Work Never Ends
To answer a few questions, we kept raising pheasants and started releasing them from the pen. They hung around for a little while, but not like chickens would. When we had the lawn sprinkler running, they'd sometimes take showers: early morning or late evening. Gradually they moved on, from the barnyard to field and pasture.
Percy found a place or friend who had the peach canning equipment. I think he borrowed the equipment and bought the cans and lids. Maybe a person or family could do it on a small scale. But I think it should be a large, full throttle operation. It's probably easier when one or two persons are doing a bushel at a time, with jars and lids, caners and a home cook stove. You'll find it greatly challenging and richly satisfying, if some of you want to get a gang together near an orchard and go at it with might and main,
The time line of those years are not all uniformly sequential in my mind. Daddy was friends with George Littlefield, bank president, of First State Bank in Eldorado. He ask Daddy to build him a house. Daddy agreed. There was a very good, well known cabinet maker in Eldorado, Mr. Wintz Tensley, much older than Daddy. They may have collaborated on the building a little. Most certainly, Wintz built the cabinets and Daddy helped with installation.
That's the house where the twelve interior doors were all standing together, leaning against the wall, and almost straight up. One day during a big thunder storm, he was stooped over working on a project, facing those doors. A huge clap of thunder jarred the doors, in such a way, they fell over and hit Daddy on the top, front of his head. They knocked him backward against the opposite wall. He first thought he had been struck by lightening. Then he thought he had been killed. Then he wondered about the difference in this place and heaven.
Years later, in the fall of 2005, he was staying at our house for a little while. On a Sunday morning, we were going to Church. Joanna was staying home with Lilly, due to her stroke. Daddy and I had gone onto our porch. He held to the porch post, while I carried his walker to the car. When I turned back to help him walk down, he had fallen and was lying on his back on the sidewalk at the bottom of the steps. He was really hurt, but insisted he would go on to Church. The Congregation had planned a pot-luck lunch after the service. Joanna and Lilly knew we planned to stay and eat. The people enjoyed Daddy and he seemed to always enjoy them.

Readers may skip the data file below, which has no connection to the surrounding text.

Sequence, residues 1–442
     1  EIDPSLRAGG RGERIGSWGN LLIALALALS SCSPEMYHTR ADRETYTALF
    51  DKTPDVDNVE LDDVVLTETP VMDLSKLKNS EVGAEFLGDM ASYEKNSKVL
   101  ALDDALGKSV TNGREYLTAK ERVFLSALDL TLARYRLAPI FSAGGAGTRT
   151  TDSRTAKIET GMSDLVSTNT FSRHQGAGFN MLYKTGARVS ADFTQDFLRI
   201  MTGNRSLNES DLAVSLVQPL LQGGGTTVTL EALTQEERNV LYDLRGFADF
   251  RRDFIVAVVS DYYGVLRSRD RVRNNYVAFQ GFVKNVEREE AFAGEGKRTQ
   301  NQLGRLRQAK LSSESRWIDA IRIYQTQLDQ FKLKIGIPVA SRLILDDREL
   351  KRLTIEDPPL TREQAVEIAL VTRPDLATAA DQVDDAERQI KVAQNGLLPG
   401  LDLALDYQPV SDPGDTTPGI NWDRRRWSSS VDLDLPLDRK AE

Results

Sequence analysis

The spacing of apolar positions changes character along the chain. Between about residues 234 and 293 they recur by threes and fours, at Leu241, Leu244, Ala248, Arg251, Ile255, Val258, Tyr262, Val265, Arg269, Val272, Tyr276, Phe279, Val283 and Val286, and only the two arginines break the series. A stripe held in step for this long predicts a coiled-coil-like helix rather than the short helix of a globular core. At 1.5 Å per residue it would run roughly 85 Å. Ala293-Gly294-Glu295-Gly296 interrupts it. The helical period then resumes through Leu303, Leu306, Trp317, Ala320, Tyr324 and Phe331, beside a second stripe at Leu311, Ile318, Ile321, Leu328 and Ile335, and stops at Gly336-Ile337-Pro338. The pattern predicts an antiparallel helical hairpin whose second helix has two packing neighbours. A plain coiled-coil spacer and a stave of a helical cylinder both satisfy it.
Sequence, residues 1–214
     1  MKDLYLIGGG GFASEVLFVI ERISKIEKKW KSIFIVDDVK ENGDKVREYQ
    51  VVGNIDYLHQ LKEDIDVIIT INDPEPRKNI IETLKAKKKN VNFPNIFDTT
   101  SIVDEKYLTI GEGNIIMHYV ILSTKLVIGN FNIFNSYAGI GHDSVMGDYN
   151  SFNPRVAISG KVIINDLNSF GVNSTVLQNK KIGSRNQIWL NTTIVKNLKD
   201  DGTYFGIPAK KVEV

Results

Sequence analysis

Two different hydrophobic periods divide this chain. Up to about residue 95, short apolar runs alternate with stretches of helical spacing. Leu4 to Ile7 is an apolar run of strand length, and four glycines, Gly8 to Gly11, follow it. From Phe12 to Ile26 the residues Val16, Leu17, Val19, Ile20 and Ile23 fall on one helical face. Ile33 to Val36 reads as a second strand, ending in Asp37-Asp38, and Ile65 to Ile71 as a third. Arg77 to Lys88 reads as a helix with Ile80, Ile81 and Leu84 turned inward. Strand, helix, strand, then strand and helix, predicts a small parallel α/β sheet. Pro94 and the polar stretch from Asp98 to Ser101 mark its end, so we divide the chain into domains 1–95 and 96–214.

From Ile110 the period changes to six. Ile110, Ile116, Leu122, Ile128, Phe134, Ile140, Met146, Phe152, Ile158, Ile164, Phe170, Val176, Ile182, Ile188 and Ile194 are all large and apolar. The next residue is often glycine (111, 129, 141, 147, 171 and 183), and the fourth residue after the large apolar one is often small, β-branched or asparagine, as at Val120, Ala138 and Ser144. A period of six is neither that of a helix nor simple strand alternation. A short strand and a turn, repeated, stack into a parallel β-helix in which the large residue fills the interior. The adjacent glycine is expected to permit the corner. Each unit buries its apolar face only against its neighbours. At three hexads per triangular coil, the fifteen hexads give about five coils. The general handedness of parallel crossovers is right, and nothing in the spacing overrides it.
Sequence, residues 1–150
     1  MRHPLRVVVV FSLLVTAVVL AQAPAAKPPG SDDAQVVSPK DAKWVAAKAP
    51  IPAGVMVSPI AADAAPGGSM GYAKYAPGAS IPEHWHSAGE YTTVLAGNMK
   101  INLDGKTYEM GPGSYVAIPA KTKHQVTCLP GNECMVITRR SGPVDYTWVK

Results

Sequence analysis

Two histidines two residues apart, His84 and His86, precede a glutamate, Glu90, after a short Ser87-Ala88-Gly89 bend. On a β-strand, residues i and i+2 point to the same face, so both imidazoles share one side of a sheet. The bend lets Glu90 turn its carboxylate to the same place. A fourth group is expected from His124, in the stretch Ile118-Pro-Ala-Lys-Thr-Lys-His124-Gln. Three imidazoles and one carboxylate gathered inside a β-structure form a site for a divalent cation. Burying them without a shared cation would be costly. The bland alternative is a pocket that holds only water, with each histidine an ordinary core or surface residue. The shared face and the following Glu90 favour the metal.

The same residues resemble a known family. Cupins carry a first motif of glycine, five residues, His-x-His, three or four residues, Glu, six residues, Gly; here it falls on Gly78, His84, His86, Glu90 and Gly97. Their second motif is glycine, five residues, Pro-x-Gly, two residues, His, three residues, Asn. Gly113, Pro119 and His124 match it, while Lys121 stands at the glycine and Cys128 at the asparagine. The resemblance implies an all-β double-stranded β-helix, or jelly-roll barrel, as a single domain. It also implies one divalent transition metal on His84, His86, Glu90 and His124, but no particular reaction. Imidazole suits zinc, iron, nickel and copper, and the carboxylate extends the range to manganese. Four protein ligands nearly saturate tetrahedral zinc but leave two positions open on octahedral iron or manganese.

When we go home, he said, "I think my back is broken." O my goodness! Now what have I done? He refused the hospital. He was willing to have an Xray. But the ambulance insisted on taking him to a hospital. So I drove him to the Chiropractor and they did the xray. The picture showed he had once, a loooonng time a go, had a broken vertebrae. The same one was broken now. They said it looked like a plate might look, if you dropped in flat down on the floor. It had splintered into dozens and dozens of tiny fragments, but because of the remarkable muscular structure, they had not come apart, rather had healed in place. And the current break was a new one over top of the old one. Remarkable! Recommendation? Wait for it to heal. They did give him some inferential treatment, which might have helped with pain a little. He almost never complained. It's amazing how tough he was!
When hay time came, we took out and manned up to bailing hay. That required four men. Byrl drove the tractor pulling the bailer. Uncle Ross stood on the platform, forking hay under the ?hammer?. I dropped the block between the bails. Daddy sat on the left side (if you are facing the back of the tractor) and punched the wires through. I sat on the opposite side punching them back. Daddy tied the wires. He could tie a bailing wire so it never came undone. When the bails dropped out of the bailer, it was my job to stack them on a sled Daddy had built for that purpose. Always before, everyone just let them fall in the field and there they lay until the truck came and all help came to pitch them up and haul them to the barn or stack.
But Daddy the inventor, made this sled. It was four, one by twelves, eight feet long, laying side by side. The two middle ones were spaced about two inches apart. The four were nailed together across the top with another one by twelve. When the bails dropped out, I stacked them on the sled from back to front. They were one length ways, two cross ways and the last one length ways. The second layer were two cross ways on top of the bottom four. Then two more layers in the same form, so a stack of sixteen would not fall over unless we crossed a gully or a steep terrace of some kind. Then I had a six foot bar to jab into the ground in the two inch space. I just stood there on the sled holding the crowbar in place as the tractor pulled us all along and the bails of hay slid off in a nice little stack.
We also did custom bailing for neighbors and family. Must make it home for family farm chores. Sometimes feeding pigs and milking cows after dark. Mother and the girls at home were always there helping carry the load.